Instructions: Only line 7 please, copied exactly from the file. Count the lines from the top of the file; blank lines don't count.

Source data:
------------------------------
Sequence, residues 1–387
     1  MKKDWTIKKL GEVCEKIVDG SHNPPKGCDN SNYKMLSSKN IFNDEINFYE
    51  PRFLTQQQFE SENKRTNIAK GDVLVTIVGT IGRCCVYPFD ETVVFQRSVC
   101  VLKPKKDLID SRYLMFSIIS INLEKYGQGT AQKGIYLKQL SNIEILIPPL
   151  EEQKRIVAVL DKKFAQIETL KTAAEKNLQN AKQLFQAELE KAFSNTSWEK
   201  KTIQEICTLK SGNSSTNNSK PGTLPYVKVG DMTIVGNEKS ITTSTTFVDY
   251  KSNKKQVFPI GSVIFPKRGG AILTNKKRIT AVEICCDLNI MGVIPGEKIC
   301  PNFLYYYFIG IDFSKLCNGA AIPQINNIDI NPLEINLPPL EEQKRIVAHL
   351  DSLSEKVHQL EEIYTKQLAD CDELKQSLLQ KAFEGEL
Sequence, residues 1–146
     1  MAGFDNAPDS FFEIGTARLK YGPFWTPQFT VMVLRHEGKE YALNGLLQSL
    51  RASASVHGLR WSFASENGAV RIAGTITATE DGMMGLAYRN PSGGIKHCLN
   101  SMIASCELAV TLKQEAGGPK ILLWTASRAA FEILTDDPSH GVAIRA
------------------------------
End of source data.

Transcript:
   251  KSNKKQVFPI GSVIFPKRGG AILTNKKRIT AVEICCDLNI MGVIPGEKIC